The photographer is going to send us a CD with some of the pictures of our cleaned up and photo-ready doctors, an adorable Max, and his homeless parents. Photoshop can fix that, right?


Wednesday, March 5, 2014

The Greatest of Days

Sound the alarms, Mighty Max has finally been able to come home!
Today has been incredible. Rare are the moments in life where true bliss is felt, and today was one of those coveted moments. We couldn't be happier to finally have our little family all together.

Even though we are home, the journey ahead is still long. We will be back at the hospital tomorrow, and Friday, and Monday, and Tuesday, etc., but the important thing is that we get to sleep at home and bring the little man with us. The hospital visits will eventually decrease in frequency, but for the next 3-6 months we will be there multiple times a week for checkups, tests, medication alterations, and various procedures. Keep your fingers crossed that his magnesium levels stay in an acceptable range and everything continues to go as well as it has been.

Max is ready to go!

Now it is mainly on us to keep him happy, safe, and most importantly, healthy. It will be difficult to keep him generally isolated in a big city and limit his exposure to outside contaminants for the next year, but that is merely a small bump on the road ahead and we are up to the challenge.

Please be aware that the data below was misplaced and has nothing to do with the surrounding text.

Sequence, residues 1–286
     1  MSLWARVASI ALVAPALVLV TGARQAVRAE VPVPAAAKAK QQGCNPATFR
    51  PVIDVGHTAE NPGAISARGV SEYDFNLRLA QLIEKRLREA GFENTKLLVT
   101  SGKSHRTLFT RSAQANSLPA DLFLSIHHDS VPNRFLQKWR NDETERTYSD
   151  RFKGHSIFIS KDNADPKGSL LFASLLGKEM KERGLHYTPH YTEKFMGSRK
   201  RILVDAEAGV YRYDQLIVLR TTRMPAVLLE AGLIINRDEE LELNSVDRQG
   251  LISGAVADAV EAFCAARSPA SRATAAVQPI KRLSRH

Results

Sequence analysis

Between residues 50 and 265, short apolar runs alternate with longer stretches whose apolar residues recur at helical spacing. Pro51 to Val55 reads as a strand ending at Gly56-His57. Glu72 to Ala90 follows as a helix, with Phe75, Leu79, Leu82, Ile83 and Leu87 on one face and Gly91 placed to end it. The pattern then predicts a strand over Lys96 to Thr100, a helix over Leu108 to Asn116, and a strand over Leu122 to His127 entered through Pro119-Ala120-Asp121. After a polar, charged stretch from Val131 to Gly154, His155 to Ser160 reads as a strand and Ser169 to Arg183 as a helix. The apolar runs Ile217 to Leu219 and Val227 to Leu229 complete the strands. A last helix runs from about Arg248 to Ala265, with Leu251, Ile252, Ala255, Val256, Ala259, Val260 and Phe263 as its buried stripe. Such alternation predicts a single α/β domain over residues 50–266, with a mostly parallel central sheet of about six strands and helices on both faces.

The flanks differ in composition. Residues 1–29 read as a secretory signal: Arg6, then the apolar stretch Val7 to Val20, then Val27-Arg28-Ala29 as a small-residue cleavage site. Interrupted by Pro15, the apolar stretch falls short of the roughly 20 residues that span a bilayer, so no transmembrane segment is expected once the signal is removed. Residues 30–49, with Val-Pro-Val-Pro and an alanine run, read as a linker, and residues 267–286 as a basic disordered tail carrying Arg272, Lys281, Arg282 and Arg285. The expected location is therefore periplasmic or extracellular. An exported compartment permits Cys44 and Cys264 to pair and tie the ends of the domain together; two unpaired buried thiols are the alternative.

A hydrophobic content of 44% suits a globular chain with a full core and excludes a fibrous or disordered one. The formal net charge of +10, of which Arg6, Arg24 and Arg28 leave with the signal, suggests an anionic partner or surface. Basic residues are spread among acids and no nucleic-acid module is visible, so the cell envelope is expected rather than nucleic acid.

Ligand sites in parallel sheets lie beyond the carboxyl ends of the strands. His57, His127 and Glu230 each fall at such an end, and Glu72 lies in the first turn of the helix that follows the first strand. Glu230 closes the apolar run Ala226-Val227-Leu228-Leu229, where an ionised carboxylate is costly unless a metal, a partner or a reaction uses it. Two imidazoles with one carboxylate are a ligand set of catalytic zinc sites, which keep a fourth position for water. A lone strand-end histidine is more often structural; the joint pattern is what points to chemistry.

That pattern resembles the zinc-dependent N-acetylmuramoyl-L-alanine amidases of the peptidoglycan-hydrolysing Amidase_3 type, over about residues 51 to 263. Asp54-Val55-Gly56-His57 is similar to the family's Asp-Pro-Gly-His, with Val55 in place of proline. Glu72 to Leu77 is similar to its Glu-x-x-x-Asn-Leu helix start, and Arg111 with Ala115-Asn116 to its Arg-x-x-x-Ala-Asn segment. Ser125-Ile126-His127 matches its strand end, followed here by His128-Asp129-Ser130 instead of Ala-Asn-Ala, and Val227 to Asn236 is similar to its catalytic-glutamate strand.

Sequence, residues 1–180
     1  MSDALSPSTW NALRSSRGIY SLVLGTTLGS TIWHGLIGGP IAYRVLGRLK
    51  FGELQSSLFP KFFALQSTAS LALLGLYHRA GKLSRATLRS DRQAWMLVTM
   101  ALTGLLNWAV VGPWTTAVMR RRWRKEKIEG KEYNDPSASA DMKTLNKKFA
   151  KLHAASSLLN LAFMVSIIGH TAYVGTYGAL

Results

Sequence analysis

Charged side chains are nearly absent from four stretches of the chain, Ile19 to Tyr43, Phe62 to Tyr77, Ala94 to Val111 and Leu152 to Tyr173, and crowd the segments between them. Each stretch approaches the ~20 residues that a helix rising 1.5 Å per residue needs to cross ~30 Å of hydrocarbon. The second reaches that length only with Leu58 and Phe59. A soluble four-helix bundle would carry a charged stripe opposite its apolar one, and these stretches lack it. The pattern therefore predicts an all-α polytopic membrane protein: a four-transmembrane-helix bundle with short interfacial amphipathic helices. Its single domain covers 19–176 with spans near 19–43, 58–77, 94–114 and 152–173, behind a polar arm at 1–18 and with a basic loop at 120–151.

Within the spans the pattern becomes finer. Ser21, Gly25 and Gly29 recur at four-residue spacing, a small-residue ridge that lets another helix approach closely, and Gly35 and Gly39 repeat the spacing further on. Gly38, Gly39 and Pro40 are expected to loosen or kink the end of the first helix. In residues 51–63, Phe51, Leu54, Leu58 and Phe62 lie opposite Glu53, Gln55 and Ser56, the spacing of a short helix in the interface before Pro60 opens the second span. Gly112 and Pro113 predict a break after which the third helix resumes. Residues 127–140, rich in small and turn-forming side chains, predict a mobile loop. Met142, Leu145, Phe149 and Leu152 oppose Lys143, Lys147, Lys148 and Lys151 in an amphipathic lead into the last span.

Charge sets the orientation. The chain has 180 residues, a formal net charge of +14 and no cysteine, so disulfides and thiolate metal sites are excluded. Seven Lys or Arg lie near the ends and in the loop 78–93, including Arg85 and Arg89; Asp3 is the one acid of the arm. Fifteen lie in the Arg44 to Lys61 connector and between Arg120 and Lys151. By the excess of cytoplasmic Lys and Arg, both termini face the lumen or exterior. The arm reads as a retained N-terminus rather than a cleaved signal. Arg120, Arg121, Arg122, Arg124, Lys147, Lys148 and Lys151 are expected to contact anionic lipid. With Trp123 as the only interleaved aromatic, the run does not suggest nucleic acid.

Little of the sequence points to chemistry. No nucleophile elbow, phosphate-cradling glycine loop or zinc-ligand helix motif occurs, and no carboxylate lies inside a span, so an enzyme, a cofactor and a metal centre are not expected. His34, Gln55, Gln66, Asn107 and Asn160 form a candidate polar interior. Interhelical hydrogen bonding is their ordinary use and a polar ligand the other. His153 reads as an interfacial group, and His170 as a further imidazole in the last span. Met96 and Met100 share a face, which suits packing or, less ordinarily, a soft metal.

We thank you all for the copious love and support you are all graciously giving our family. We heard that the fundraiser at The State Bar was a resounding success and we don't even know how to go about thanking you all. We are overwhelmed with gratitude and and love and can't believe how fortunate we are to have such wonderful people in our lives. Max is truly blessed to grow up in a world with such amazing folks and such a large and loving family.

I don't think we can ever thank you all enough or let you know how truly grateful we feel for each and every one of you. This last month has been the most difficult month of our entire lives, but knowing you all were there, standing by our sides, made it that must easier to buckle down and march ahead. 

To the future, onward, and upward.

Sunday, March 2, 2014

Stay the Course

Hi friends! Today Max is officially one month old!

Looking better everyday!

Adventures with Mighty Max continue, but instead of a bumpy roller coaster, we have hit a patch of doldrums for the last few days, which although tedious, is much preferred. The boy is doing incredibly well and makes great strides every day. He is beginning to fill out a bit more and for the vast majority of the day we just get to be normal everyday new parents getting to know their child. Max's release date is seemingly always "tomorrow," but hopefully one of those preditctions will actually come to fruition.